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A dynamic view of fMRI connectivity: Frequency dependent cortical hubs and network integration in the human brain.

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If you have a question about this talk, please contact Mikail Rubinov.

It is well known that the large-scale functional MRI connectome of the human brain is composed of a manifold of so called resting-state networks (RSNs). However, the network dynamics, such as integration and segregation between and within RSNs are largely unknown. In this talk, I will describe some recent work done in our research group that addresses this question. Using a novel frequency analysis method together with graph theory we analyzed the frequency dependency of low-frequency BOLD fMRI resting-state signal (0.01–0.1 Hz) in a cohort of 80 subjects. Our results show that the existence of functional hubs, the central nodes of the networks, fluctuates as a function of frequency and that the membership of hubs to different RSNs shifts dynamically across frequency. Further, we show that the global network efficiency and network integration is peaking at 0.07 – 0.08 Hz. In my talk, I will discuss the observed frequency dependence on the spatial configuration of hubs and its implications for our understanding of the dynamics of large-scale network integration and segregation in the human brain.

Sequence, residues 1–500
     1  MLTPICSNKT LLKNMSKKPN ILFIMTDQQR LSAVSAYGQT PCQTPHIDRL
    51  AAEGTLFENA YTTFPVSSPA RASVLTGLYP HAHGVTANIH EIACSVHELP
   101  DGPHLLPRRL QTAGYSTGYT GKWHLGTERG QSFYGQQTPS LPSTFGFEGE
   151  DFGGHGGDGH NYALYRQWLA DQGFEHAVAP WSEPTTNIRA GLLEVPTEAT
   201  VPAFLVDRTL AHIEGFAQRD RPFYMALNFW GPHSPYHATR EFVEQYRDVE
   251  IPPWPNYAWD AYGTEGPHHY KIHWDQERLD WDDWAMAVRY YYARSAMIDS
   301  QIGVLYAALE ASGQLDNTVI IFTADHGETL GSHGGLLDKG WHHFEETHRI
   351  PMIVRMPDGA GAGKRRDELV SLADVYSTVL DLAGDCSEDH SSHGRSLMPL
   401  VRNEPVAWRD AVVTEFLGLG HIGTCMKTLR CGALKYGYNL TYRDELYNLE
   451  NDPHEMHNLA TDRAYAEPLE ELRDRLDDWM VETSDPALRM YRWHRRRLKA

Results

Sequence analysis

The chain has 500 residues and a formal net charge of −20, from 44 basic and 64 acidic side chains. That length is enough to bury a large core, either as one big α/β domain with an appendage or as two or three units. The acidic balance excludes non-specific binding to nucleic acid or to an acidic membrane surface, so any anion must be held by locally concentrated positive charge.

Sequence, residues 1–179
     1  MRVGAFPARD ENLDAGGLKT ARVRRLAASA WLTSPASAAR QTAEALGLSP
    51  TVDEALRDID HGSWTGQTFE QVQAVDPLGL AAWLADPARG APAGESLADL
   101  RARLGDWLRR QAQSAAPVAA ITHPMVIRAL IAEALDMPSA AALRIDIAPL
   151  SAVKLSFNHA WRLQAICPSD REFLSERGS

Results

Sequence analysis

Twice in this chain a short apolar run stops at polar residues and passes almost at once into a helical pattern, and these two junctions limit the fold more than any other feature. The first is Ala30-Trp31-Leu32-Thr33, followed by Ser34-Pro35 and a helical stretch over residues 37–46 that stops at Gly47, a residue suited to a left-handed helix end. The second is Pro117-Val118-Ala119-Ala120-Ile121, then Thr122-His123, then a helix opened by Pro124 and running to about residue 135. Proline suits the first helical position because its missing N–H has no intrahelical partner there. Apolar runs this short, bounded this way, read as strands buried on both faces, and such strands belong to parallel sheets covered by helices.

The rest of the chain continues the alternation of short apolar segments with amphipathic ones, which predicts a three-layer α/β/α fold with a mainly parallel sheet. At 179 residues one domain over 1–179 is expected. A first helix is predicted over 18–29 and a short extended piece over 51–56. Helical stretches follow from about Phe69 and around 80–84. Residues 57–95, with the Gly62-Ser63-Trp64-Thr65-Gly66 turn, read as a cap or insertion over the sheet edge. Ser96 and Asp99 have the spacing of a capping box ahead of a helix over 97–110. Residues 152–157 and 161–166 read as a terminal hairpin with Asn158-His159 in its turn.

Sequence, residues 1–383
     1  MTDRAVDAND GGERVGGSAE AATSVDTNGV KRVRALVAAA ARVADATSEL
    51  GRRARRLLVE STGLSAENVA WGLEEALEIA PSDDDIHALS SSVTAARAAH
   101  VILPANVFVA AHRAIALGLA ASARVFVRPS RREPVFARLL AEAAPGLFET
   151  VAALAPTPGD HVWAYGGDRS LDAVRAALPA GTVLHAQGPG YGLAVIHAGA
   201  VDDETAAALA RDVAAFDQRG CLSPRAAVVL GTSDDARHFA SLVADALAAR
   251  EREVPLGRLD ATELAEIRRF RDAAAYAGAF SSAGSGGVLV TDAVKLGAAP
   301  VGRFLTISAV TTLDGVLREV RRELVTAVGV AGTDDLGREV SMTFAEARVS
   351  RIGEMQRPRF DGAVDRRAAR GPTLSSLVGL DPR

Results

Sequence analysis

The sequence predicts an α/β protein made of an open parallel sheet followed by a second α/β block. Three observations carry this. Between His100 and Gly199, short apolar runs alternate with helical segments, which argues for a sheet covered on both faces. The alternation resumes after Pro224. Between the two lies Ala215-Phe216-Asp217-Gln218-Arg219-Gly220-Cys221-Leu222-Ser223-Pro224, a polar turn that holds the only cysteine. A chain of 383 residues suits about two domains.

This talk is part of the Brain Mapping Unit Networks Meeting and the Cambridge Connectome Consortium series.

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